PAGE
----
Connect with us

Favorite News

Mall owner Washington Prime Group files for Chapter 11 bankruptcy protection, citing COVID challenges

Mall owner Washington Prime Group files for Chapter 11 bankruptcy protection, citing COVID-19


Mall owner Washington Prime Group files for Chapter 11 bankruptcy protection, citing COVID challenges

Can malls survive COVID-19 pandemic and permanent store closings?Consumers are scared to go out and retailers are floundering. Is there a future for the traditional indoor shopping mall?USA TODAY, WochitMall owner Washington Prime Group Inc. filed for Chapter 11 bankruptcy protection late Sunday, citing the COVID-19 pandemic for making the move necessary.The company, which spun off from the nation’s largest mall operator, Simon Property Group in 2014, currently has 102 shopping centers, according to documents filed in the U.S. Bankruptcy Court for the Southern District of Texas. Washington Prime is based in Columbus, Ohio.Several retailers – some with locations in Washington Prime properties – have filed and exited bankruptcy since May 2020 amid the pandemic, including Christopher & Banks, Guitar Center, New York & Company, J.C. Penney, Stein Mart, Sur La Table, Ascena Retail Group and Tuesday Morning. The bankruptcies have included store closings.Save better, spend better:  Money tips and advice delivered right to your inbox. Sign up hereThanksgiving 2021 store closings: Best Buy joins Walmart, Target in keeping stores closed for Thanksgiving“The COVID-19 pandemic has created significant challenges for many companies, including Washington Prime Group, making a Chapter 11 filing necessary to reduce the Company’s outstanding indebtedness,” Washington Prime Group said in a news release.The mall operator’s bankruptcy doesn’t come as a surprise. In public filings, Washington Prime has said it was in talks with creditors to restructure its finances and that it might seek bankruptcy protection.In announcing its bankruptcy filing, the company said it secured $100 million in “debtor-in-possession financing from the Consenting Creditors to support day-to-day operations during the Chapter 11 process and ensure that all business operations continue in the ordinary course without interruption.”Lou Conforti, CEO and director of Washington Prime Group, said in the release the restructuring would enable the company to “right size its balance sheet and position the Company for success going forward.”Washington Prime listed assets of $4.03 billion and debts of $3.47 billion in court documents.The company said its restructuring agreement with its creditors, led by its largest, SVPGlobal, allows it to deleverage its balance sheet by $950 million. In addition, Washington Prime Group and SVPGlobal anticipate an equity offering of $325 million as part of the restructuring. The agreement also includes some milestones, including a 60-day target for the court to enter confirm the Chapter 11 plan.Will shopping malls close?Like other mall operators, Washington Prime saw its revenue hammered last year by tenants who were unable to pay full rent or closed during the pandemic, as shoppers turned to online instead of in-person purchases.More than 40 major retailers declared bankruptcy and more than 11,000 stores were announced for closure in 2020, which beat past store closings records.But malls were struggling before the pandemic.Shopping: These retailers will either make it or break it in 2021From J.C. Penney to Victoria’s Secret, here are 8 retailers who will either make it or break it in 2021.Staff Video, USA TODAYExperts have said the crisis might hasten the closure of underperforming malls and the repurposing of many centers that remain open. Ultimately, 1 in 4 malls and as many as 1 in 2 could eventually go out of business, according to projections by Coresight Research analysts and executives.Coresight, which tracks retail closures, projected in 2020 that about 25% of America’s malls would disappear within the next three to five years.That could rise to as many as 50% “if we can’t stop the bleeding,” Coresight CEO Deborah Weinswig said in an interview with USA TODAY last summer. “That ends up changing the face of America.”In November, two companies, CBL Properties and PREIT, which together own 130 shopping centers, filed for Chapter 11.7-Eleven Slurpee freebie: Free Slurpees return in July, but you need to be a rewards memberTarget Circle guide: How to save, get deals and earn cash back with Target’s free loyalty programContributing: Nathan Bomey and Charisse Jones, USA TODAY; Jim Weiker, The Columbus DispatchFollow USA TODAY reporter Kelly Tyko on Twitter: @KellyTyko. For more shopping tips and deals, join us on our Shopping Ninjas Facebook group.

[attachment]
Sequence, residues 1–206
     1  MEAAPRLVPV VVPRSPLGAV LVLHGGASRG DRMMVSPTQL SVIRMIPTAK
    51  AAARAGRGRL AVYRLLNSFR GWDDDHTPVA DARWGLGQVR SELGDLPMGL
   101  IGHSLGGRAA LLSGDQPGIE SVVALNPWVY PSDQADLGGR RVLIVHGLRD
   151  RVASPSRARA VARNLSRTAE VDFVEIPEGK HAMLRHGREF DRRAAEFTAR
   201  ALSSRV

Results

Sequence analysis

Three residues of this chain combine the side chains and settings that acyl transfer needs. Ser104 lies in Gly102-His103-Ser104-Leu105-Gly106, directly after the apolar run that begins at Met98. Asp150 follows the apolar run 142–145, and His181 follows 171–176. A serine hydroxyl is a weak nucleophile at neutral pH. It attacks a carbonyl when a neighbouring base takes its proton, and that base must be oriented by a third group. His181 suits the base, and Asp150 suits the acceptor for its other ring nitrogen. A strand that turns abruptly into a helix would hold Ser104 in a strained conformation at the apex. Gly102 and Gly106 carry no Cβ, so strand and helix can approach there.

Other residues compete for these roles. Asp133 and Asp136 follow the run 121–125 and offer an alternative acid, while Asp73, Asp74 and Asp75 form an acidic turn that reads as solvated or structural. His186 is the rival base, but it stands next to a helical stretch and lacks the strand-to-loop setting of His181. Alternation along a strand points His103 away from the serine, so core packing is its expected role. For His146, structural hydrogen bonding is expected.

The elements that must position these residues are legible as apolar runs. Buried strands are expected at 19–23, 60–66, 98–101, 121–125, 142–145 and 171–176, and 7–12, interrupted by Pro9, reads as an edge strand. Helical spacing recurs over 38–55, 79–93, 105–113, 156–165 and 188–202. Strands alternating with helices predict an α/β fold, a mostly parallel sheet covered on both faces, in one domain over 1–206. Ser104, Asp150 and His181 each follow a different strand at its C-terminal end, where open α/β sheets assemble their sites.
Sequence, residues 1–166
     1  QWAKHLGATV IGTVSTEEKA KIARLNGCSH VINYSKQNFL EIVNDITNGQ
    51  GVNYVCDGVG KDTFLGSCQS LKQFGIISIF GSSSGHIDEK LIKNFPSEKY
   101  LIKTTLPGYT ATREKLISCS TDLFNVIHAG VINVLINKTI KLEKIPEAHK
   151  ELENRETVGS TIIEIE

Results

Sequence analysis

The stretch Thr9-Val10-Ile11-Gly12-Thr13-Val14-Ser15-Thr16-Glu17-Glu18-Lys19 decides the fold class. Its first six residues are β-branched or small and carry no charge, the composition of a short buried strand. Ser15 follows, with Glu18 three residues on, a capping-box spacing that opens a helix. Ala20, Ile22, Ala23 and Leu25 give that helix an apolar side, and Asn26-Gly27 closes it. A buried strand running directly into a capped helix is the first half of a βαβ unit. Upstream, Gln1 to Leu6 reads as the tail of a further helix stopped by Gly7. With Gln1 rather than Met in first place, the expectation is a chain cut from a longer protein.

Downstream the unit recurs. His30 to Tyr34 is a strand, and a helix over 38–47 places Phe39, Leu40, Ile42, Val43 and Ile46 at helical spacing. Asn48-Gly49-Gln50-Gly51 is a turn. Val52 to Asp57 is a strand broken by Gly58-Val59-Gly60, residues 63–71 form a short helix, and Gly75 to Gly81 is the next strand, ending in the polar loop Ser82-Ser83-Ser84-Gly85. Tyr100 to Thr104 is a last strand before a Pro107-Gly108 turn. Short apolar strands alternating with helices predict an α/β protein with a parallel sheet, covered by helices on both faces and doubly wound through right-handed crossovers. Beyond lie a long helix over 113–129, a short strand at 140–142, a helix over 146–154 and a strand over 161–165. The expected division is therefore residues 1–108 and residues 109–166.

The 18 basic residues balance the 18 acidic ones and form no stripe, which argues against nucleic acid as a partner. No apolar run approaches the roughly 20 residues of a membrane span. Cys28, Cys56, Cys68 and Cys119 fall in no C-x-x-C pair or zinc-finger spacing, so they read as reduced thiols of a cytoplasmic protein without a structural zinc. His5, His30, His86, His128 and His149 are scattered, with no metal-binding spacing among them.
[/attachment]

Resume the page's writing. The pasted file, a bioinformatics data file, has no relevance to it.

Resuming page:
Source link

Continue Reading
You may also like...
Click to comment

Leave a Reply

Your email address will not be published.


To Top
error: Content is protected !!